Buying Digital Signage: Learn more at DSE17
Choosing the right technologies has never been more complex, nor key to the success of the digital signage installation and everyone involved. As part of Integrator education during DSE17, I’ll demystify the process and provide a framework for making hardware and software choices that fit the requirement.
Photo credit: Intel Corp.
Integrators constantly ask, “What software, flat panels and media player should I use?” — in particular as these technologies and end user needs are constantly advancing. The most suitable technologies serve current needs and future-proof the digital signage network. The selection process must serve the interests and concerns of a range of departments within the end user organization and make sense for the integrator that is putting its reputation on the line.
Integrator opportunities are coming from new projects, expanding systems, upgrades and corrections (i.e., right-sizing) as many existing installations have proven their value to brands and end users and are poised for expansion.
In the major markets served by digital signage, physical retail is challenged by online shopping, food services and grocery battle daily for share of $1.6 trillion in annual North America food spending and new nutritional posting regulations become effective Dec. 1, 2016. Banking and credit unions are challenged to succeed in a low interest rate economy and all forward-looking organizations are seeking greater productivity of places, processes and staff and the need for improved customer experience.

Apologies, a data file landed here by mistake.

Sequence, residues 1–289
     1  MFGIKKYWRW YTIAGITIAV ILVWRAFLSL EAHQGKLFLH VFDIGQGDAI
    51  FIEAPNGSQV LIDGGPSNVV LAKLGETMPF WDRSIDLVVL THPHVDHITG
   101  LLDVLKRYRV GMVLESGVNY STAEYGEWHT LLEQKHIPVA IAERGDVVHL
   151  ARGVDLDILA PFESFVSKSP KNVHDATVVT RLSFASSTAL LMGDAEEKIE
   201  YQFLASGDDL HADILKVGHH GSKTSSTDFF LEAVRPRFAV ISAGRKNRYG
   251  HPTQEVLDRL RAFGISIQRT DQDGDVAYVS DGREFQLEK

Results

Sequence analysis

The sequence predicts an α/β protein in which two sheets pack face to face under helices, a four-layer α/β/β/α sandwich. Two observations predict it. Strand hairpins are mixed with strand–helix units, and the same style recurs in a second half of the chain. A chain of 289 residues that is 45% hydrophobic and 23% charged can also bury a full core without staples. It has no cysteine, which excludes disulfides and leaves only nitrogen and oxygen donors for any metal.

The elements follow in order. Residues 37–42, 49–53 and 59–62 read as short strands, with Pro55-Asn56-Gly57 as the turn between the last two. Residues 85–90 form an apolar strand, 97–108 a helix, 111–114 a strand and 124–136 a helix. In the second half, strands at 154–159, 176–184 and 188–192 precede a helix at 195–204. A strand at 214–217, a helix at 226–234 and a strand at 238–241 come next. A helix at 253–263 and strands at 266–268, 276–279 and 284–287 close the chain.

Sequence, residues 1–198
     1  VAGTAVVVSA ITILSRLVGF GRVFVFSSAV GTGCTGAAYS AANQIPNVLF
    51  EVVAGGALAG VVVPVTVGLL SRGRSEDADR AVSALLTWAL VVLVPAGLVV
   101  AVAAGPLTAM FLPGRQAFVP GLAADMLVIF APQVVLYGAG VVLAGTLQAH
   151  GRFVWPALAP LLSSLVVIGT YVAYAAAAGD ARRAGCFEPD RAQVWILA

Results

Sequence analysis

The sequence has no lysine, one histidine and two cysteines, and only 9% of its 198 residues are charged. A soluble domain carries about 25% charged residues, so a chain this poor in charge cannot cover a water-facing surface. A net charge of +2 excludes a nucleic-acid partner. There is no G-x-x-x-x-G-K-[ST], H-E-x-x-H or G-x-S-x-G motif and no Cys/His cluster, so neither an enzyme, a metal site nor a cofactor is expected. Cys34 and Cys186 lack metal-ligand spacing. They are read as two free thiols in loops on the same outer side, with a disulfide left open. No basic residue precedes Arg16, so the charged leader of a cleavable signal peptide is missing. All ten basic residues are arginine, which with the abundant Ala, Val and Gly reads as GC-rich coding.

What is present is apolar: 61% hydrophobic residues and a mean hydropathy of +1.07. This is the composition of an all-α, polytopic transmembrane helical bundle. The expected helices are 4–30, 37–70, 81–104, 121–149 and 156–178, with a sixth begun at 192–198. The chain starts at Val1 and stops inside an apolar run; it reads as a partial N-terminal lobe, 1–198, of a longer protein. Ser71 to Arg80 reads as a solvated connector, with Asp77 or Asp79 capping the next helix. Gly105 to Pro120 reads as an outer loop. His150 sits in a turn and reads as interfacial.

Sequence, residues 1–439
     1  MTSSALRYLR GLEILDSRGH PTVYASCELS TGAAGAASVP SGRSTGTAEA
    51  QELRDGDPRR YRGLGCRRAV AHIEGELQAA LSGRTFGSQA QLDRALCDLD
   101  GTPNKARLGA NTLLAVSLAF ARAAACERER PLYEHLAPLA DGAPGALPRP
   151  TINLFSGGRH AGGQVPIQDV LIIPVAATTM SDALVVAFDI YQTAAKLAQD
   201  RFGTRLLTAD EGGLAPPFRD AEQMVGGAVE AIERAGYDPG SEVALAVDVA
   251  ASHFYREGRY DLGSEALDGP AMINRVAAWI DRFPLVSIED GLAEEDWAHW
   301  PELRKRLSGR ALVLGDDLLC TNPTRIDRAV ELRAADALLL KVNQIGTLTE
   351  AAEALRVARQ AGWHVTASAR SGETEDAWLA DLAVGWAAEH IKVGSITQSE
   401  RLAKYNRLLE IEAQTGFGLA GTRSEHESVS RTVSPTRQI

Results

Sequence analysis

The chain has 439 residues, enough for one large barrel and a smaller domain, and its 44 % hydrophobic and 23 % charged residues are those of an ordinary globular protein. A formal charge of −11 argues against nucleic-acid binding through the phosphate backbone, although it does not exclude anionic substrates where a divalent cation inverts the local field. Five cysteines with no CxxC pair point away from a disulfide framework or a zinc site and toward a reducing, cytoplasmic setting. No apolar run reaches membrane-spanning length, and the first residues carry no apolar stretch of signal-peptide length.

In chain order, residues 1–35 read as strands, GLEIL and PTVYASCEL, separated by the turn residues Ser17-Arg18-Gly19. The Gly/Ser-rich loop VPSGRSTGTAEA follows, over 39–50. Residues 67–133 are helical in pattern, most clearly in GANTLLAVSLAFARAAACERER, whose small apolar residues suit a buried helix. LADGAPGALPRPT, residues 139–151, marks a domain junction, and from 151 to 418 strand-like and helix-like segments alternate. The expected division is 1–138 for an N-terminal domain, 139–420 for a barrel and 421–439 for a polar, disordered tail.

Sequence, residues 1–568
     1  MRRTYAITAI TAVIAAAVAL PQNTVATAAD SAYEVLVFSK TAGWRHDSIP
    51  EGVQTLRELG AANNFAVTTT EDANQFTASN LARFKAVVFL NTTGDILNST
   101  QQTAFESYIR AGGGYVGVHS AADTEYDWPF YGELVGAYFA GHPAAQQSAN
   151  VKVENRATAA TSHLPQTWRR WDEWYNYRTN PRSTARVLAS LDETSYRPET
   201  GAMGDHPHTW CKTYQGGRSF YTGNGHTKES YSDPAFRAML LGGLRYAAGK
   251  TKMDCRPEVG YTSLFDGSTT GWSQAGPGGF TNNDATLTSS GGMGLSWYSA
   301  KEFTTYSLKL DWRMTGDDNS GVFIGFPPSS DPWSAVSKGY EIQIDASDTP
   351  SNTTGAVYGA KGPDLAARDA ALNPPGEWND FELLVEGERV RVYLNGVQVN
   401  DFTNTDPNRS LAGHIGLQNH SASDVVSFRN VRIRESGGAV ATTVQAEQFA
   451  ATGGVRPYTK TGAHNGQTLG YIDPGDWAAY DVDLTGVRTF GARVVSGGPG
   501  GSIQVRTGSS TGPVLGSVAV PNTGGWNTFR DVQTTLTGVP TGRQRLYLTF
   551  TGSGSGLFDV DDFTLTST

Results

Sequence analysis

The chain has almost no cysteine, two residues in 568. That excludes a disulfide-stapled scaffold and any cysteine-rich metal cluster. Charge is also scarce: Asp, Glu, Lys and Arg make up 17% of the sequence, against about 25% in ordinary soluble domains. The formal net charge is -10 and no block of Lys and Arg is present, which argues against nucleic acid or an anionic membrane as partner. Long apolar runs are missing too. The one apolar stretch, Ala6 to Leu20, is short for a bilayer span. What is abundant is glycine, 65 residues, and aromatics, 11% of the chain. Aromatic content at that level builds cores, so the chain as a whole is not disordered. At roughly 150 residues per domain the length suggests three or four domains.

End users have benefited from a wide range of supply options, but at the same time have experienced sourcing confusion that has stalled projects. End users’ expectations of software providers have increased since media management is at the core of efficient digital signage system operations. Total cost of ownership relates primarily to system operations and poor vendor selection can become the most expensive mistake of any project. Because Content Management Software (CMS) functionality from many providers looks very similar, the key selection criteria for CMS is increasingly based on relevant application experience, stability of the provider and value-added services by or through the primary provider.
Source: Google images
Technology selection starts with knowing the business objectives that are to be accomplished by the digital signage investment. This allows a definition of what content must be presented to achieve the results. Content awareness then enables selection of the most suitable technologies to present the content that achieves the return on investment.
Integrators need to describe why they are recommending certain technologies, and their ability to do this well results in both their business success and that of the project. Mistakes are the most expensive part of any project — there are so many supply options available to end users that the ability of an integrator to describe how they are delivering value becomes a strength toward winning the service opportunity.